Myanmar's violent ethnic cleansing which forced roughly a million Rohingya Muslims into Bangladeshi refugee camps is going to mark its fifth anniversary in August next. Myanmar's persecution of Rohingya Muslims is not new. Such waves of emigration were recorded in 1978, 1992, and most recently in 2017.
The start of a horrific military attack against the Rohingya people in Myanmar, which prompted three quarters of a million Rohingya to flee the country was nearly five years ago on August 5 in 2017. The Myanmar military's deliberate, systematic, and extreme violence like killings and sexual assault displaced Rohingya from their homeland. It has been correctly labeled as genocide, violence "committed with intent to destroy, in whole or in part, a national, ethnical, racial, or religious group." Though the persecution of Rohingya in Myanmar did not begin on this date (it has been going on for decades), it was undoubtedly one of the largest and most methodical attacks against the minority in recent years. The unprecedented floods of Rohingya people and other communities from Myanmar's Rakhine State into Bangladesh began almost five years ago.
Following a briefing by the UN Secretary General's Special Envoy to Myanmar, Bangladesh's permanent representative addressed the UN General Assembly on June12 last urging the UN to expand its programmes in Rakhine State, Myanmar, to help the forcibly displaced Rohingya to return home. The envoy further sought the Special Envoy's endeavor to ensure that the bilateral arrangements for Rohingya refugees to return home from Bangladesh are implemented as soon as possible.
Bangladesh's representative to the UN was quite explicit in her speech. It's been nearly 5 years. In one of the worst man-made humanitarian tragedies in modern history, almost a million Rohingya were forced to flee their homes. And the assurance of their safe return has yet to be fulfilled.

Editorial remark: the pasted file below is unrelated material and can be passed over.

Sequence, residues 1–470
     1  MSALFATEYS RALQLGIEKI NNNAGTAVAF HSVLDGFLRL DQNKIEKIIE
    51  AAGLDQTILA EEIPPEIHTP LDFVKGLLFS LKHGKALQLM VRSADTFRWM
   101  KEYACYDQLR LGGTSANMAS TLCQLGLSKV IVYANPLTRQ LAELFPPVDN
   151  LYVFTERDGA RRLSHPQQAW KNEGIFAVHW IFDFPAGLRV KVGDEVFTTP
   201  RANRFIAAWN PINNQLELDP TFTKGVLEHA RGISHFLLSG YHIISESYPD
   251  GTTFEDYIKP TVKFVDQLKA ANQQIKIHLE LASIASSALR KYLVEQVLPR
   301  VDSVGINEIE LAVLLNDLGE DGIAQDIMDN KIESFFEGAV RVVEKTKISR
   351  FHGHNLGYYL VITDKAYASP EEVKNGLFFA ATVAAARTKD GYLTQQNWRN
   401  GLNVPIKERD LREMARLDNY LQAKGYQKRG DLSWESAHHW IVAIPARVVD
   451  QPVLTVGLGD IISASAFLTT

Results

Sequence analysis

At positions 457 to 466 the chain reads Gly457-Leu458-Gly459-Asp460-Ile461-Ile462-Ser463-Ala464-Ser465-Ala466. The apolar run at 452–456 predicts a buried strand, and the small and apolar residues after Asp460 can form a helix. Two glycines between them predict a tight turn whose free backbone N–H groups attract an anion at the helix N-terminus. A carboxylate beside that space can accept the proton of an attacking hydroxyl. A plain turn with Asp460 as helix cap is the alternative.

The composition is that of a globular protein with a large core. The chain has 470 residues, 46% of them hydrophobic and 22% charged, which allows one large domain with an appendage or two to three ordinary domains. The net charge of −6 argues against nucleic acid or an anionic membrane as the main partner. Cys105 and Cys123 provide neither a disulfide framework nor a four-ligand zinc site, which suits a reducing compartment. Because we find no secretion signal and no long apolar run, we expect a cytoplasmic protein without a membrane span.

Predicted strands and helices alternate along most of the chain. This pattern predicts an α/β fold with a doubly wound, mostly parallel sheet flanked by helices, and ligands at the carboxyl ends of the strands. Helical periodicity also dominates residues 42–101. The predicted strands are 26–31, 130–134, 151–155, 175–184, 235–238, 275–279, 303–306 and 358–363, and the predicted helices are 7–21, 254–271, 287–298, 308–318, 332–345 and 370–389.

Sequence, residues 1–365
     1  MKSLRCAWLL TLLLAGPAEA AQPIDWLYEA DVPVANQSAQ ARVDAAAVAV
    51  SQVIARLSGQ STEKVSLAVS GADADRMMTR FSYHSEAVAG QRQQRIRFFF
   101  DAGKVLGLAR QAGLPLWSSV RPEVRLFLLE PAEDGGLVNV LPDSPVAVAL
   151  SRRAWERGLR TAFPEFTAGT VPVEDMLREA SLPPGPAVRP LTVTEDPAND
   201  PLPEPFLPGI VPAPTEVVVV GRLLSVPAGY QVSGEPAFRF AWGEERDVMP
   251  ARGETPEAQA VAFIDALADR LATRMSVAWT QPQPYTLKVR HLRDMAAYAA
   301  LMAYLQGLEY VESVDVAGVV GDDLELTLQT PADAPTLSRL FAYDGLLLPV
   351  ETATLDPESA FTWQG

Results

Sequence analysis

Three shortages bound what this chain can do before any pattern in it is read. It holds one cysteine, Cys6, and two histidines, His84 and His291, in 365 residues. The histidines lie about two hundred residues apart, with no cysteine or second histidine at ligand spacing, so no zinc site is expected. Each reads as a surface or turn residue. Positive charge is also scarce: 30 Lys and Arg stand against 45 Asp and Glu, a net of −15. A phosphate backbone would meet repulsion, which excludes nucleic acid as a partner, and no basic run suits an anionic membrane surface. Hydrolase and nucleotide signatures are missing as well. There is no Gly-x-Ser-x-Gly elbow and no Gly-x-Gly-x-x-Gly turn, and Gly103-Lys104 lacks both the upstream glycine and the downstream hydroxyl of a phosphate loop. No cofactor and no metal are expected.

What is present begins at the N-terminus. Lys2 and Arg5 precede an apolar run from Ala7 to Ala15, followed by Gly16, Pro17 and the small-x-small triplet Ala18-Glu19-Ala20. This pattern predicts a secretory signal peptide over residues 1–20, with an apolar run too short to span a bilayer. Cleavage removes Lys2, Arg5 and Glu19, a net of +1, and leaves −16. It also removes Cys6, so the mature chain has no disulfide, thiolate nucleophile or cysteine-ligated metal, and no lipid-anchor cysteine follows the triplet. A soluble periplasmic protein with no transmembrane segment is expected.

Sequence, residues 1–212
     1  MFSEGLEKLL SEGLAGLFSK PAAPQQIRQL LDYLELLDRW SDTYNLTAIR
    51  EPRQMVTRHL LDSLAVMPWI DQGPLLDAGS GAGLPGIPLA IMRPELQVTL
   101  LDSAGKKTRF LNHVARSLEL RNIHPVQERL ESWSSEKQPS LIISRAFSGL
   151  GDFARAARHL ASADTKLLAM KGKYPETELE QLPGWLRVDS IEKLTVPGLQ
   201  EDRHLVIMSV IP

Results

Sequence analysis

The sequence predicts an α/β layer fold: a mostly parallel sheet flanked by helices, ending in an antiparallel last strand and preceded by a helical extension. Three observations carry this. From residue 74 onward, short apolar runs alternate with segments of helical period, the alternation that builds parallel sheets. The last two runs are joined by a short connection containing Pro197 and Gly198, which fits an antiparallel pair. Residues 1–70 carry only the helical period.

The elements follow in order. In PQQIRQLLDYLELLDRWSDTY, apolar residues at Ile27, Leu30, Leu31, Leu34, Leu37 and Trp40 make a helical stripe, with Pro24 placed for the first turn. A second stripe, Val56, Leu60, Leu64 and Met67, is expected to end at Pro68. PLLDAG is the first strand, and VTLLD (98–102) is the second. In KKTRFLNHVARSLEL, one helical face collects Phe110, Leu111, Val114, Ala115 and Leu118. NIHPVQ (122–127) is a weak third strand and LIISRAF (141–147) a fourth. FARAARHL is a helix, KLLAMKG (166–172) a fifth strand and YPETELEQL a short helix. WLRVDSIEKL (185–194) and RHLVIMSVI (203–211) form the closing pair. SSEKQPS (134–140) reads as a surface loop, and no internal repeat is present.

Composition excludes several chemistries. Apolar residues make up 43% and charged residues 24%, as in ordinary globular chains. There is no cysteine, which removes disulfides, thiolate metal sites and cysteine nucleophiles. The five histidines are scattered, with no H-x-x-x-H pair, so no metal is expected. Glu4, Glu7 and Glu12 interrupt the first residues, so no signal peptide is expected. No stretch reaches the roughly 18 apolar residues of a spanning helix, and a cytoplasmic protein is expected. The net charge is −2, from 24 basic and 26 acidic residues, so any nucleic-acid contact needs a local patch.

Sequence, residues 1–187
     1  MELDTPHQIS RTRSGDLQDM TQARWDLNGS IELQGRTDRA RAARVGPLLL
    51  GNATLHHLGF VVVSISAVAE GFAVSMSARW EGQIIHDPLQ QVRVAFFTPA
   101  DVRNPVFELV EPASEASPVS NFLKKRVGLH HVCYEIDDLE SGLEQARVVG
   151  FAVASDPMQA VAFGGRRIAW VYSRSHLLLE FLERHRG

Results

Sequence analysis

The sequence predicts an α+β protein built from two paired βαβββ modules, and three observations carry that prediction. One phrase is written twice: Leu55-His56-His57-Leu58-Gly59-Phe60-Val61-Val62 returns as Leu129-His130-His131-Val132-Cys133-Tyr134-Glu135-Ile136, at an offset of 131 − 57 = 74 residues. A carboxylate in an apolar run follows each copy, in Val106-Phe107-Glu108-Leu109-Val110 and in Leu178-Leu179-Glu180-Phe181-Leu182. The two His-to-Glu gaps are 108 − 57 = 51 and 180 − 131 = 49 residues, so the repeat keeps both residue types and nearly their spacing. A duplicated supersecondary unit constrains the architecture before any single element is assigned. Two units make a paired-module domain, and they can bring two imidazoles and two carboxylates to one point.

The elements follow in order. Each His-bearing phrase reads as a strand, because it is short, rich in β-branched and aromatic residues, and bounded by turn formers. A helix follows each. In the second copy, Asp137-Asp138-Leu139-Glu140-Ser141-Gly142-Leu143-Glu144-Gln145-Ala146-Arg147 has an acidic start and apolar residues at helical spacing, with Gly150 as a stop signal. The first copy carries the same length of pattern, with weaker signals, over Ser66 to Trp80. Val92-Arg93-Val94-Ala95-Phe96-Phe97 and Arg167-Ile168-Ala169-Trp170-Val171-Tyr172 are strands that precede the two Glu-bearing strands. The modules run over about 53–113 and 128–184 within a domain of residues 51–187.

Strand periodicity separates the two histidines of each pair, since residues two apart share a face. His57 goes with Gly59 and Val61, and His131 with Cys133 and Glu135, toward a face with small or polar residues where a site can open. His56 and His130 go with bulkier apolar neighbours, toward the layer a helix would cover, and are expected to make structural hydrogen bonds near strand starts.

We're also concerned because the Russian invasion of Ukraine has shifted the world's attention away from Rohingya migrants and toward millions of fleeing Ukrainians seeking asylum in a number of European nations. The Rohingya agenda can take a backseat amid the ongoing war and the rapidly changing world order.
The point is that Myanmar is at the heart of the Rohingya catastrophe. The ruling military junta in that country must step up efforts to secure the refugees' voluntary and dignified return.
Bangladesh has done more than enough to accommodate over a million Rohingya refugees at enormous economic, environmental, and security costs; now it is time for the UN to assess the situation. Bangladesh's efforts alone will not be sufficient to bring about a long-term solution to the situation.
At the same time, accountability for all transgressions and atrocities in Myanmar is critical. As a result, we would like to remind the UN Security Council of keeping an eye on the International Court of Justice (ICJ) provisional measures in the case brought by Gambia on behalf of the OIC.
The international community, particularly UN member nations, has a humanitarian responsibility for solving the Rohingya crisis.
The world community must awake from the slumber and see that the man-made crisis was not caused by Bangladesh, rather by Myanmar's internal turmoil, which was unfairly imposed on Bangladesh.
Despite a series of UN resolutions, Myanmar has showed little interest in repatriating the refugees in dignity and with full citizenship rights.
Apart from UN member states, regional countries and Myanmar's commercial partners, such as China, India, Japan, Indonesia, and Germany, ASEAN and OIC countries must also step up to put pressure on Myanmar to solve the humanitarian situation seriously.
Last but not least, if the international community fails to find a long-term solution to the humanitarian catastrophe, it must commit to taking in a million or more forcibly-displaced refugees currently sheltered in Bangladesh, as it did with many other refugees in the past.
We urge immediate action to assist in making significant progress in building the conditions for safe, voluntary, dignified and long-term return of refugees to Myanmar. It is vital to address the core causes of Myanmar's systematic discrimination, disenfranchisement and communal violence.
We also urge the world community to stand firm in solidarity with Rohingya refugees, as well as the government of Bangladesh and the people who stood by them in the time of their need. Ahead of the fifth anniversary of the Rohingya crisis, we urge the world to do something for the refugees. They have the right to live in their birthplace, Myanmar, with dignity.